Legal charge is the legal means by which lenders register their rights in
relation to the property, which means that, should the borrower default on the
mortgage, then the lender will be able to take possession of the property. The
legal charge is recorded at the land registry.
There are various different types of legal charge and the type used will vary
from lender to lender. Building Societies tend to use a charge for the specific
amount that they have lent. Banks tend to use an all monies charge, allowing
them to free equity in a property if it is owned by them. This may allow them to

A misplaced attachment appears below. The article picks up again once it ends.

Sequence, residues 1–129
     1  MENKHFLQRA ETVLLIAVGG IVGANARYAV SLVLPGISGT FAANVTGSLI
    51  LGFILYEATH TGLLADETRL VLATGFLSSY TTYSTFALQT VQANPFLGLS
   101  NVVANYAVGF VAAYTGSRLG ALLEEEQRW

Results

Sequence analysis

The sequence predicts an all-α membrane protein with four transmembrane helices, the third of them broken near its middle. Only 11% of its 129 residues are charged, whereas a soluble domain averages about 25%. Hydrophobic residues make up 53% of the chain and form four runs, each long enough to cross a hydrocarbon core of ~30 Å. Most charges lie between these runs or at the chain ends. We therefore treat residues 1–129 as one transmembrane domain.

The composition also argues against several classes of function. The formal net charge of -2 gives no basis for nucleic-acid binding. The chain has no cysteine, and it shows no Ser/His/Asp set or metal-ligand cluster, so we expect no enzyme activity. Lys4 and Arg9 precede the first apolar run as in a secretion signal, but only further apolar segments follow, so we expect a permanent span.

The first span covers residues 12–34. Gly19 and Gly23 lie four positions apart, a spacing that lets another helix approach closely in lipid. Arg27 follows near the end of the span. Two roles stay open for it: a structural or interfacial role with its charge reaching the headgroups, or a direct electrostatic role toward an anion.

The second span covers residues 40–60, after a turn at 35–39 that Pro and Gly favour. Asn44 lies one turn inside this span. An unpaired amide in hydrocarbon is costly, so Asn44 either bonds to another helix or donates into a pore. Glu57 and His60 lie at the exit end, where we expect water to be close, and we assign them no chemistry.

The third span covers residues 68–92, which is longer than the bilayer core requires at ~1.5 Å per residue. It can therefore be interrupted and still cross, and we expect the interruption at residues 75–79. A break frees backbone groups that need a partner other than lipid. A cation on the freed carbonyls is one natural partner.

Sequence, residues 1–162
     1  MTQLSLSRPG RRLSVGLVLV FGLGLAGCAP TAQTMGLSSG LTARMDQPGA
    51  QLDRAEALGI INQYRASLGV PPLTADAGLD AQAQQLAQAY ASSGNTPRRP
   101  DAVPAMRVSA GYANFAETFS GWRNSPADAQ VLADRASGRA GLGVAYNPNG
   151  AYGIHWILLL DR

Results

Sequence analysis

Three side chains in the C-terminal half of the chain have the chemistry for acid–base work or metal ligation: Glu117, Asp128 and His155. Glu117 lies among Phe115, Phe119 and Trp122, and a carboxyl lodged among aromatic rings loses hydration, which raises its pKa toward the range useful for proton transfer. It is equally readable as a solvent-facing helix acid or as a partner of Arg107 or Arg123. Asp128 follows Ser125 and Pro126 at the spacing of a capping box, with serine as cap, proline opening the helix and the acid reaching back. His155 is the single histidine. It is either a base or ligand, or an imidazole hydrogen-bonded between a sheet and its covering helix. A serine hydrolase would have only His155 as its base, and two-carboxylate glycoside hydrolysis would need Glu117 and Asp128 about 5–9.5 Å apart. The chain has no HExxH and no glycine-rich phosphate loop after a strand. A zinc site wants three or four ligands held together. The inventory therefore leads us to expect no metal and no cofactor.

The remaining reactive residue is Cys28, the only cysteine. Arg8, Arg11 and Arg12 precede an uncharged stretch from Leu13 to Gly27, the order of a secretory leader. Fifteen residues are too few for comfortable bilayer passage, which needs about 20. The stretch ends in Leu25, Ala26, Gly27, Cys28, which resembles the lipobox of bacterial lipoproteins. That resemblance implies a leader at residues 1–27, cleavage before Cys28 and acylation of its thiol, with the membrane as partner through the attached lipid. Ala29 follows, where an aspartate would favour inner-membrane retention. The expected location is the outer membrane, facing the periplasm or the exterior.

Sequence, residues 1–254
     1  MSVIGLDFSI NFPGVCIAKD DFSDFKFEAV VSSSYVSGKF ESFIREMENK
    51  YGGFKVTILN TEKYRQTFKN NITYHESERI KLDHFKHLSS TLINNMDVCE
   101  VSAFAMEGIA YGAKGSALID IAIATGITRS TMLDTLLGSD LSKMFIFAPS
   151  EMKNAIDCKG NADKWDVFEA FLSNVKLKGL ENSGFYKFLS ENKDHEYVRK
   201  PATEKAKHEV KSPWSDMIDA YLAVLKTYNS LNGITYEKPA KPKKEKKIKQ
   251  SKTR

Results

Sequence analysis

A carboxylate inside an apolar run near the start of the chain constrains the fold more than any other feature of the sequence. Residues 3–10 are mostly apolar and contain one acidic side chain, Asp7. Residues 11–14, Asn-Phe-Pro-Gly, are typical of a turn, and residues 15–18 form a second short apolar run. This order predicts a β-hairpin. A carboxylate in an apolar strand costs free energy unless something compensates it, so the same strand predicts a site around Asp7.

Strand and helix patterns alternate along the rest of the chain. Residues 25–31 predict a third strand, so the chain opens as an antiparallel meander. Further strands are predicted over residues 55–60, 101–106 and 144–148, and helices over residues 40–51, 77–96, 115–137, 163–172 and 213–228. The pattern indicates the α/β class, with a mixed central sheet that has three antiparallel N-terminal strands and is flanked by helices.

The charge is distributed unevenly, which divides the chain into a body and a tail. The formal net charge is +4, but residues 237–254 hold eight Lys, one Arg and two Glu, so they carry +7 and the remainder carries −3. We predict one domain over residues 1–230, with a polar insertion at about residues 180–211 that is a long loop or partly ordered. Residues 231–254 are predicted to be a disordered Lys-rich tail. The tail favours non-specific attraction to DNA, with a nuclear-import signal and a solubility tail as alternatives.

recover overdrafts and other loans if they have granted more than just a
A primary mortgage will normally be secured by a first legal charge. Building
societies are allowed to lend only if they have a first charge on a property.
Second or subsequent charges may be granted on a property if additional money
has been borrowed against it.